WASHINGTON -- A tiny tent-like device implanted into the heart appears to block strokes caused by a common irregular heartbeat, sealing off a spot where dangerous blood clots form, German and U.S. researchers reported Wednesday.
While more research is needed, stroke specialists said the implant could offer long-needed protection for thousands of patients with atrial fibrillation.
In early stage testing of 111 patients at very high risk of a stroke, the PLAATO device cut that risk by two-thirds, Dr. Yves Bayard of the CardioVascular Center in Frankfurt, Germany, told an international meeting of cardiovascular researchers in Washington.
These were ''the worst imaginable patients,'' yet the early signs of stroke protection ''are overwhelming,'' added Dr. Paul Kramer of Shawnee Mission, Kan., who helped lead the U.S. half of that study.
About 2.5 million Americans have atrial fibrillation, a type of irregular heartbeat most common among the elderly and on the rise as the population ages. It occurs when the top chambers of the heart, called the atria, speed up so fast that instead of pumping blood they quiver -- literally looking like a bag of worms.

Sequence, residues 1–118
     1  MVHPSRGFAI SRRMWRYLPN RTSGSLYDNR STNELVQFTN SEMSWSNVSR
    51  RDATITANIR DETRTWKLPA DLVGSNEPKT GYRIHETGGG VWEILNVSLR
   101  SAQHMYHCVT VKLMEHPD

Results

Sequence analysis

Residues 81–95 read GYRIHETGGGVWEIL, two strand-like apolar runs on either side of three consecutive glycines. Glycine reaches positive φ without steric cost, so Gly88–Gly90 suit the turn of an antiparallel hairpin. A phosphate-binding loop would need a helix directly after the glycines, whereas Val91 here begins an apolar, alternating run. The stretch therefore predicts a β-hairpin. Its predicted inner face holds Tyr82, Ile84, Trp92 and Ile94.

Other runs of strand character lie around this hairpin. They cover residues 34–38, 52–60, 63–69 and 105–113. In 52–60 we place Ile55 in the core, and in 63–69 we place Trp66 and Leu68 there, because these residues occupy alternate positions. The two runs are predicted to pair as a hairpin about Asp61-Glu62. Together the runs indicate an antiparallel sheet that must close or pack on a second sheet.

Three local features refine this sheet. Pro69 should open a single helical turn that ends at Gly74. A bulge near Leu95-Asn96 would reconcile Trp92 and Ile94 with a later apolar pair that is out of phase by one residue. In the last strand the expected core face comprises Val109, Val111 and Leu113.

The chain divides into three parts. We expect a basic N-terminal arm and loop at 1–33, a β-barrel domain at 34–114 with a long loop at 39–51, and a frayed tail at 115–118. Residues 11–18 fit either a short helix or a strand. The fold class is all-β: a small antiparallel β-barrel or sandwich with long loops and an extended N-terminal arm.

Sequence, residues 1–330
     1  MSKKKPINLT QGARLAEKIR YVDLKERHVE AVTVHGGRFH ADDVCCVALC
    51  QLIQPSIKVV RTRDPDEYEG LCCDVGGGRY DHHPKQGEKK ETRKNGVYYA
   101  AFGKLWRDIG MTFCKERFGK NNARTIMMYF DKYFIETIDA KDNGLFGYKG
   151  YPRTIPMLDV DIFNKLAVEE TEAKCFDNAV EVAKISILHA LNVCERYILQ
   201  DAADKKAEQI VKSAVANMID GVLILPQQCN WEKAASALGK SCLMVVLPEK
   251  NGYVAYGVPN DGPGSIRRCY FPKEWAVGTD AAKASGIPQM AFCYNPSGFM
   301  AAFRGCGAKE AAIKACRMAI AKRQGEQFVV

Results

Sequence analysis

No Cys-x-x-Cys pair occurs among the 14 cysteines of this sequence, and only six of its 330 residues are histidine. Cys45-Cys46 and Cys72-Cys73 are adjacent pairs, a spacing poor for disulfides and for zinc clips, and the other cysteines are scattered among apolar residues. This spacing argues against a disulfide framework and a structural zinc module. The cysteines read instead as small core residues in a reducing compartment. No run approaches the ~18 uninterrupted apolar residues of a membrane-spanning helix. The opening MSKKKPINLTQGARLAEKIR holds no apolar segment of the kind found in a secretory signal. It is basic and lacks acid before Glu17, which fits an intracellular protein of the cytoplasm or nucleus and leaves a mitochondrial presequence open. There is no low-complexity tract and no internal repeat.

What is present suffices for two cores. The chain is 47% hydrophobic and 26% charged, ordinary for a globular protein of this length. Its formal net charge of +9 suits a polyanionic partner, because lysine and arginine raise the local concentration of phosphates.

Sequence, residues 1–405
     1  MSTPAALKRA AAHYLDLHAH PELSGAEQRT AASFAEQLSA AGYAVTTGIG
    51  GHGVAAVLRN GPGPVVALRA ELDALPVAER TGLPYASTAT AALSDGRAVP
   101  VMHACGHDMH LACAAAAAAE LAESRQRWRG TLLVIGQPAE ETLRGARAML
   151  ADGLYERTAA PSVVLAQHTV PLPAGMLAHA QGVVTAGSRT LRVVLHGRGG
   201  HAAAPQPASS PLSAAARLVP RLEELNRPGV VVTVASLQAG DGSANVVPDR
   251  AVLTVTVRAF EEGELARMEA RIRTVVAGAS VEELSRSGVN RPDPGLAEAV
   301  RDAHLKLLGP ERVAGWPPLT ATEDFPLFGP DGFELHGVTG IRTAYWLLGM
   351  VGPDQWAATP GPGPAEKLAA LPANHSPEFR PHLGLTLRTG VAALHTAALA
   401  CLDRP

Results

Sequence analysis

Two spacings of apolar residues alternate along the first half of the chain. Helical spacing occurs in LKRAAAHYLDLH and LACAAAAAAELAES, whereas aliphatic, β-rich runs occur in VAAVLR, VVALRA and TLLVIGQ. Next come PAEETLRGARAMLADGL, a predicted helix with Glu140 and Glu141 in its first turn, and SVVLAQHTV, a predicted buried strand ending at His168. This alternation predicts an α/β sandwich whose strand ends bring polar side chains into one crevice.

With each episode, blood can pool inside the heart and form clots that pose a risk of a major stroke. Some 15 percent of the nation's 700,000 annual strokes are caused by atrial fibrillation.
The blood thinner warfarin can significantly lower that risk. But it is so hard to use, because of side effects and dosing difficulty, that many patients cannot take it.
The PLAATO device is ''a new way of almost curing the problem,'' said Dr. Mark Alberts, a neurologist at Chicago's Northwestern Memorial Hospital and American Stroke Association spokesperson who is watching the implant research.
PLAATO is a little metal cage covered with Gore-Tex that opens and closes. Doctors thread the closed cage into the left atrium and then expand it to cover the flap opening -- almost like popping open a tent. Tiny hooks hold it in place until, in a few months, tissue grows over it to permanently seal the opening.
Among the first 111 patients implanted -- 64 of them Americans -- just two European patients suffered strokes within a year, Bayard said. That is far below the 5.5 percent of strokes expected in that patient population.
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